James Gleick, *Chaos: making a new science*
(Penguin Books, 1988). A highly-readable and popular
book. Makes much of the "scientific revolution" aspect of fractals
and chaos.

Ian Stewart, *Does God Play Dice? * (Blackwell 1989). A
popular but
more mathematical account of fractals and chaos.

Benoit Mandelbrot, *The Fractal Geometry of Nature * (Freeman
1982).
The
book that started it all. Very interesting with lots of material,
but
often hard to understand in depth.

Peitgen, Heinz-Otto et al, *Fractals for the Classroom* (2 vols,
Springer 1992). A text written for high-school teachers and
students.
Packed with interesting ideas. The second volume is more technical.

Robert Devaney, *A First Course in Chaotic Dynamical Systems*
(Addison-Wesley 1992). An undergraduate-level text on the
mathematics
of discrete dynamical systems; ends with Julia sets and the
Mandelbrot
set.

Heinz-Otto Peitgen and Peter Richter, *The Beauty of Fractals*
(Springer
1986). A summary of what was known about mathematical fractals in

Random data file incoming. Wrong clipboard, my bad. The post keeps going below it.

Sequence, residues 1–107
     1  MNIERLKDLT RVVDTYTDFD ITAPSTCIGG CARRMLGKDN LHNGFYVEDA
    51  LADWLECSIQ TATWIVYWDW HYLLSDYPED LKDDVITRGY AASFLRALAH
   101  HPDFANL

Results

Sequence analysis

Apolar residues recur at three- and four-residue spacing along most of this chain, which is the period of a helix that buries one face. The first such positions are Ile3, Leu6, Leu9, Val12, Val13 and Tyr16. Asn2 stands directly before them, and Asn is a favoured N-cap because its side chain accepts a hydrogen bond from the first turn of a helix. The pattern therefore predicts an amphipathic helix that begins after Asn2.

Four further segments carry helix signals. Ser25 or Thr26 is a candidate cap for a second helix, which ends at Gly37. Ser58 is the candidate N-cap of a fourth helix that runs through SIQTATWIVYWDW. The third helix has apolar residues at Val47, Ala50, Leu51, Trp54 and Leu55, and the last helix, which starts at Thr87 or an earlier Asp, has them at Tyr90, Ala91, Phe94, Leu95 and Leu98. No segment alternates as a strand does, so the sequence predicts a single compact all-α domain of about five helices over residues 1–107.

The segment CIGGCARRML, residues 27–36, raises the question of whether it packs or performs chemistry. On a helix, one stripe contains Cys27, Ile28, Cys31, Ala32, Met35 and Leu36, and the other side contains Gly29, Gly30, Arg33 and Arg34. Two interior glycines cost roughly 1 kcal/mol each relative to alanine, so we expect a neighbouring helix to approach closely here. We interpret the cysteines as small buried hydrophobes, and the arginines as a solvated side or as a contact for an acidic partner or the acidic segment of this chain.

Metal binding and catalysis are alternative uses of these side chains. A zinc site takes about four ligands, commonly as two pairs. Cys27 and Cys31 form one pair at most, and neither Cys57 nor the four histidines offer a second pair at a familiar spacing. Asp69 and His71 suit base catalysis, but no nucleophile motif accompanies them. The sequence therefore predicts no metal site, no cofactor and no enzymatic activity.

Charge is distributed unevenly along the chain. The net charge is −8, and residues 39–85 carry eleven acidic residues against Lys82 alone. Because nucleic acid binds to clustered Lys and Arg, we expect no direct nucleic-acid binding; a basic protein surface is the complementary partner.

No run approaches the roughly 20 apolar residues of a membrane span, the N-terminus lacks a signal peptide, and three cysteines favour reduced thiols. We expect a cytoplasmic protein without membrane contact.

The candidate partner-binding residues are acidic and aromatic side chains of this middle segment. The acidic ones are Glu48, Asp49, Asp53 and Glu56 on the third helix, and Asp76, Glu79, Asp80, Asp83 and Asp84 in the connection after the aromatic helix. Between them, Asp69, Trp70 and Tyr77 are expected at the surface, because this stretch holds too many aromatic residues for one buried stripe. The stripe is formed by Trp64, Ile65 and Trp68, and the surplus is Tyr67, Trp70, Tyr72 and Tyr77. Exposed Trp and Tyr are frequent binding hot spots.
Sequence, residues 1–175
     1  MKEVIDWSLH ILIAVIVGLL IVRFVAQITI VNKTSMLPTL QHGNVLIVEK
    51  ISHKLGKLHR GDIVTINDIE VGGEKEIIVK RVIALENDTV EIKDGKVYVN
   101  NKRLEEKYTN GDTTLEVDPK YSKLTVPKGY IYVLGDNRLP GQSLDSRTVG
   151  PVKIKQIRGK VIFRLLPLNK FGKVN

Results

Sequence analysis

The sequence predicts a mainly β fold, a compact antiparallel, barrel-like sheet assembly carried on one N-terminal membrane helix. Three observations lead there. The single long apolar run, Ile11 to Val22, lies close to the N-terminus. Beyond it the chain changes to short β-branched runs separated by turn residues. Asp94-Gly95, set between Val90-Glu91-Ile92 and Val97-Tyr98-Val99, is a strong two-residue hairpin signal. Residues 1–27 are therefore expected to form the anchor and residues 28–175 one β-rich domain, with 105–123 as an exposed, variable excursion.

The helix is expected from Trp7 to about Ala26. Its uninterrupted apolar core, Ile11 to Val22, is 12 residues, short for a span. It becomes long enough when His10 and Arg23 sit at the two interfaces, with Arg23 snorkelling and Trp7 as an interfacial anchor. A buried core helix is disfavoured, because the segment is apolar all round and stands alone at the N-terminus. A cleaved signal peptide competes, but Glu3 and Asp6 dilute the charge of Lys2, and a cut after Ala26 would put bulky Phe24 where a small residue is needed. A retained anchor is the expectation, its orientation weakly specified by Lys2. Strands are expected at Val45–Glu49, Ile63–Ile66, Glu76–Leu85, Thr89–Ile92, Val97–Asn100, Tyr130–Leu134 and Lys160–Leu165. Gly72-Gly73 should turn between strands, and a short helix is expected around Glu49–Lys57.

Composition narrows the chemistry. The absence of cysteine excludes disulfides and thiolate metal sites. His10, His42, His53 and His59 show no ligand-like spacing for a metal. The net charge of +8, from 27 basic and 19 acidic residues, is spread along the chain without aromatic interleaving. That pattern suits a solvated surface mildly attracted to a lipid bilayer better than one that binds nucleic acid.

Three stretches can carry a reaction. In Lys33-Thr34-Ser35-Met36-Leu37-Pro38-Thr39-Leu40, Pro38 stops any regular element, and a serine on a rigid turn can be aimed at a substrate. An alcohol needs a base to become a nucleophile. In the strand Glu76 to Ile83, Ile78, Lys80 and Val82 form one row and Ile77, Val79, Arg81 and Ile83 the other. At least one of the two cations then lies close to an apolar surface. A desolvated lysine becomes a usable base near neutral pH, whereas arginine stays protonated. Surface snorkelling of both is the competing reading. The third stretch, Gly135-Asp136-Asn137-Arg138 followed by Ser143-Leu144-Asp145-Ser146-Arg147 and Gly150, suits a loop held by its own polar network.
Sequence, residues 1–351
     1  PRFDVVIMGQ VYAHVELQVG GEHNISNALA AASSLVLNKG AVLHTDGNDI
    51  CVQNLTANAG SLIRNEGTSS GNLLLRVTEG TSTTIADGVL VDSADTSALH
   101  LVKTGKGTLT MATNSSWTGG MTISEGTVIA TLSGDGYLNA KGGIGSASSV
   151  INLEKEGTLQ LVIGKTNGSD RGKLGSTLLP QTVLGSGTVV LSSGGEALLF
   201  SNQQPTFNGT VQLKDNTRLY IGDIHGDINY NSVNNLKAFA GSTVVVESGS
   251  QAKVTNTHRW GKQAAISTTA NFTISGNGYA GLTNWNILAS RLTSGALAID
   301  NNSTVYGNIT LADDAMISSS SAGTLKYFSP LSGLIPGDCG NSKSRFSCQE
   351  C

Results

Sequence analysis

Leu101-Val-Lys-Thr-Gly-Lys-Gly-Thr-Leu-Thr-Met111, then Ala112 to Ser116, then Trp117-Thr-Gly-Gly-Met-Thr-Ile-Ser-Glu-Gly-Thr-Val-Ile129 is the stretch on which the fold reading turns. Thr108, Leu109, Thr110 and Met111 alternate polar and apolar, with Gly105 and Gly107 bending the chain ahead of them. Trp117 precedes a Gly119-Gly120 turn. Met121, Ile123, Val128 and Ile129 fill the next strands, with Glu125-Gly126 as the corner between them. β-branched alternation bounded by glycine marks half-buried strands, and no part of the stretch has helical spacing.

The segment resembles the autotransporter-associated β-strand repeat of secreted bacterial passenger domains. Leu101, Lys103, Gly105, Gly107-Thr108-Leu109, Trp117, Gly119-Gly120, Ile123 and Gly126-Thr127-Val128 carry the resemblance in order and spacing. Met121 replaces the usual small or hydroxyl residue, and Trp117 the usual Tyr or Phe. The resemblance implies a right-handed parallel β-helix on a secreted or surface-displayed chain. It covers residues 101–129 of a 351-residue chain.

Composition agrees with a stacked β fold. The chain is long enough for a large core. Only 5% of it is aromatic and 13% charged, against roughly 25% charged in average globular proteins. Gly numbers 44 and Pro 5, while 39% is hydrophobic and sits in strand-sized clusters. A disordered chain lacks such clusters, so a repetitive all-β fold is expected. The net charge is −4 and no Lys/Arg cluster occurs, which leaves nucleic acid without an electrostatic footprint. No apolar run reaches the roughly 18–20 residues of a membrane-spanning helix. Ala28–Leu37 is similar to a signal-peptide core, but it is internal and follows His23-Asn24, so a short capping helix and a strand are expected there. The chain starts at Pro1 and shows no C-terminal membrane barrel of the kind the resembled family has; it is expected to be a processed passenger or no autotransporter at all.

1986, but without proofs. Many color pictures.

Heinz-Otto Peitgen and Dietmar Saupe (ed), *The Science of Fractal
Images *(Springer 1988). Articles by Voss and Saupe (random
fractals),
Devaney (iteration and Julia sets), Peitgen (Julia sets and the
Mandelbrot set), and Barnsley (iterated function systems). Also a
description of the algorithm of Milnor and Thurston to draw the
Mandelbrot set. Many fine pictures. The level is more elementary
than Peitgen and Richter.

Michael Barnsley, *Fractals Everywhere *(Academic Press 1988).
An undergraduate text about iterated function systems. Contains an
introduction to point-set topology and lots of exercises.

Nina Hall (ed), *Exploring Chaos* (Norton 1991). A collection
of essays for the non-specialist from the magazine The New Scientist.

Jens Feder, *Fractals* (Plenum 1988). A more mathematical book
on fractals in the sciences. Well-written.

Michael McGuire, *An Eye for Fractals* (Addison-Wesley 1991).
Brief mathematical descriptions of various fractals are followed by
photographs of similar-looking objects in the natural world.
Thought-provoking with good photographs.

Eliot Porter, *Nature's Chaos* (Viking 1990). Sierra-Club-type
photographs of natural objects which look like fractals. Some text
by Gleick.

Etienne Guyon and H. Eugene Stanley (ed), *Fractal Forms*
(Elsevier 1991). Pictures of fractals in nature. (The captions are
at the end of the book.)

John Briggs, *Fractals, the Patterns of Chaos* (Touchstone
1992). Brief descriptions of fractal and chaotic phenomina with many
fine pictures.